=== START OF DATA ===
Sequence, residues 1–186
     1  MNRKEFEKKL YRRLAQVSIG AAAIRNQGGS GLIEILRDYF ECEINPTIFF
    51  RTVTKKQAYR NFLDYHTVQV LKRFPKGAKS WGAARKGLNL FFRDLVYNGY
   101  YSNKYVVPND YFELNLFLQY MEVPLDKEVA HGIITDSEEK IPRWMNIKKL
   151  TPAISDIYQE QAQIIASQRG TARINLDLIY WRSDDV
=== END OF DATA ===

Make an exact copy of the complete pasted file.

Sequence, residues 1–186
     1  MNRKEFEKKL YRRLAQVSIG AAAIRNQGGS GLIEILRDYF ECEINPTIFF
    51  RTVTKKQAYR NFLDYHTVQV LKRFPKGAKS WGAARKGLNL FFRDLVYNGY
   101  YSNKYVVPND YFELNLFLQY MEVPLDKEVA HGIITDSEEK IPRWMNIKKL
   151  TPAISDIYQE QAQIIASQRG TARINLDLIY WRSDDV